Around A Distant Star bookAROUND A DISTANT STAR (1904) – Written by Mrs Muirson Blake under the alias Jean Delaire.

This British novel features the brilliant Royal “Roy” Staunton and his old school friend Delafield. The latter returns to Great Britain after 7 years in India and renews his acquaintance with the scientific genius.

In the intervening years Roy studied the works of Tesla, Kelvin, Roentgen and other giants of science and developed plans for several futuristic inventions of his own. He has been sitting on the plans for awhile because he wants to secretly carry out a project with Delafield at his side.

Staunton has perfected a means of electronically-powered space travel which will propel his two-man vessel at a speed of TWO THOUSAND TIMES THE SPEED OF LIGHT. Previously he used another of his inventions, a “super-telescope” to discover a distant planet capable of sustaining human life.

Royal has his old school chum fly off with him to that planet, which he has named Kallistos, and which is 2,000 light years away from our planet. Though it is just one of 25 such life-sustaining worlds discovered by Staunton with his super-telescope, Roy insists on exploring Kallistos before any of the others precisely because of its distance from the Earth.

Upon arrival on that far-off planet after their voyage of light-warping speed, Staunton and Delafield assemble one of Roy’s super-telescopes. Since light from Earth is just now reaching Kallistos from roughly 1900 years in the past, Royal plans to be able to use his ‘scope to observe the suffering and crucifixion of Jesus Christ, whom he has come to regard as the greatest person who ever lived.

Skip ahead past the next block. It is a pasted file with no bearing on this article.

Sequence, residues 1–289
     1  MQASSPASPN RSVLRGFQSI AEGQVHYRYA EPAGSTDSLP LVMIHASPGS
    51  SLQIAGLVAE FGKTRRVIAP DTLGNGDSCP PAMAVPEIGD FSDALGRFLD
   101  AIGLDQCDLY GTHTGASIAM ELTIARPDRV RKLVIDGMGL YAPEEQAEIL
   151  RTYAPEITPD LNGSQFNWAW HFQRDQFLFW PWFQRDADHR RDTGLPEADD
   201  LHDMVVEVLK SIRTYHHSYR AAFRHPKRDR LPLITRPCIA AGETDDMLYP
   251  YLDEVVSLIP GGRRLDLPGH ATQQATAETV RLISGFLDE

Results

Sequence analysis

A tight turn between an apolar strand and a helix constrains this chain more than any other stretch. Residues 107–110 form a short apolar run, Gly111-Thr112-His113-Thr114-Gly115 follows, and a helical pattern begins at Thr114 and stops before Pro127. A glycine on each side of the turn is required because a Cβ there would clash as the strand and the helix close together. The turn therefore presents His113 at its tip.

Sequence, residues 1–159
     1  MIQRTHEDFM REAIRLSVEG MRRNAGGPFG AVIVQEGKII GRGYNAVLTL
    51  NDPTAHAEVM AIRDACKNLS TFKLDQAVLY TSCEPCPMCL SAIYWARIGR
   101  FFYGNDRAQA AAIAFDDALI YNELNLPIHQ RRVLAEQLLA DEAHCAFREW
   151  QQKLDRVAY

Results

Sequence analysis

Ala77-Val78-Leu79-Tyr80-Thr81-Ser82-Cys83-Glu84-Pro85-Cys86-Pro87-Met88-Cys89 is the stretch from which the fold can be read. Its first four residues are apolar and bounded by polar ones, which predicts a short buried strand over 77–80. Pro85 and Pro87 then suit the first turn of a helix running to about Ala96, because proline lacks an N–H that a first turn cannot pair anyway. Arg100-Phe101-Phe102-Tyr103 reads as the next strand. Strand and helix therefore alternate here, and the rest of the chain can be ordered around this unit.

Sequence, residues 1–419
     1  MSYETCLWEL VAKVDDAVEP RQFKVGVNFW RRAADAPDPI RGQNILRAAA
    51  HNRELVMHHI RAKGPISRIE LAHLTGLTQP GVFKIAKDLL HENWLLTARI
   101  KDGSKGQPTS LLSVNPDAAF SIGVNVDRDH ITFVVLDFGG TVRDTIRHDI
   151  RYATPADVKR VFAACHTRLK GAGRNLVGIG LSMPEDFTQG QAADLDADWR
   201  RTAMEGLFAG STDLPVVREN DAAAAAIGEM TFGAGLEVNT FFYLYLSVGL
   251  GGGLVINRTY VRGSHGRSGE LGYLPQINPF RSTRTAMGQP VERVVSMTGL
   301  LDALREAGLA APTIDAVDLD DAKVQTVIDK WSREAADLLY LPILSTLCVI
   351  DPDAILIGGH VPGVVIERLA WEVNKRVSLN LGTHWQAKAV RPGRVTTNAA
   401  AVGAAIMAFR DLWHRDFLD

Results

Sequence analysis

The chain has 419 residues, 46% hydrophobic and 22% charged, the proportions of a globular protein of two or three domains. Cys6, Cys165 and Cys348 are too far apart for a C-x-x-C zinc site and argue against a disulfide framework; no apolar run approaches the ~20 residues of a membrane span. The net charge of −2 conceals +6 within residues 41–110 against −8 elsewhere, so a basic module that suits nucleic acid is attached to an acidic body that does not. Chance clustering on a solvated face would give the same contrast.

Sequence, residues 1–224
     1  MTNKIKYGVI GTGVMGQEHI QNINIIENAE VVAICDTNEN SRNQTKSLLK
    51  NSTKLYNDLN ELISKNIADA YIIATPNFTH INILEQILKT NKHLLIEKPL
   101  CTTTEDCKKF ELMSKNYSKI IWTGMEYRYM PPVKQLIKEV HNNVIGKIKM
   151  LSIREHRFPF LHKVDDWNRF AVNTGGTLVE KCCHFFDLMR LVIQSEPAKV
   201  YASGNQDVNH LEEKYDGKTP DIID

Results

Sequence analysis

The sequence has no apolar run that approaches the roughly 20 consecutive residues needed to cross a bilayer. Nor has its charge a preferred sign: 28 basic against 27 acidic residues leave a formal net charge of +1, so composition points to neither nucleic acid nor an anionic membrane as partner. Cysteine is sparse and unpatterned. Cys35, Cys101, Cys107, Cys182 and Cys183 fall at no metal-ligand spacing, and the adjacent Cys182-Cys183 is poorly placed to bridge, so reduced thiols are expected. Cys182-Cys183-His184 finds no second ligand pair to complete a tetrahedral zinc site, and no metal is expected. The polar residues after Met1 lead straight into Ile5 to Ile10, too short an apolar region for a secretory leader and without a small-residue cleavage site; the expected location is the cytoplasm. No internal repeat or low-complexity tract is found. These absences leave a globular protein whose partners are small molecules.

Ignoring the most obvious problems inherent in such a plan, the narrative throws a whole different obstacle at our heroes. They’ve landed in the wrong part of Kallistos for them to be able to scrutinize events from Earth’s Middle East of long ago once the light DOES finally reach the planet.

Their space craft is no good for purely intra-atmospheric flight, so the pair set about a Fitzcarroldo-style quest to manually transport the super-scope equipment to a different hemisphere. Along the way they deal with the simple-minded ape-like beings on Kallistos as well as hostile life-forms like tentacled man-eating plants which induce hallucinations to lure human/ primate prey.

Staunton and Delafield at last succeed, using wheeled vehicles and boats, then patiently wait. Using the super-scope with its incredibly tight focus they observe in the delayed light-waves the betrayal in the Garden of Gethsemane, Jesus’ march toward Calvary, the crucifixion, death AND the resurrection.

Ready to share this confirmation of the events with the entire world, the duo prepare to return to Earth in their interstellar craft. Royal reveals to his longtime friend that he (Royal) must stay behind because he needs to operate the dynamo which will send the spaceship back toward their home planet.

Staunton shares the Earthly location of his scientific papers and tells Delafield that he is happy to stay on Kallistos, studying the animals, plants and especially the development of the semi-human apelings.

Delafield returns alone to the Earth and publicizes the results of his and Royal’s journey. He also publishes his old friend’s papers, which revolutionize science. Based on Staunton’s discoveries and inventions, humanity is moving into a Golden Age, complete with plans to travel to all the planets the scientific genius discovered and more.

Around A Distant Star is a lot of fun with its eccentric blend of science fiction and religion. It’s not really all that heavy-handed with the proselytizing so I’m perplexed by its lack of wider fame. +++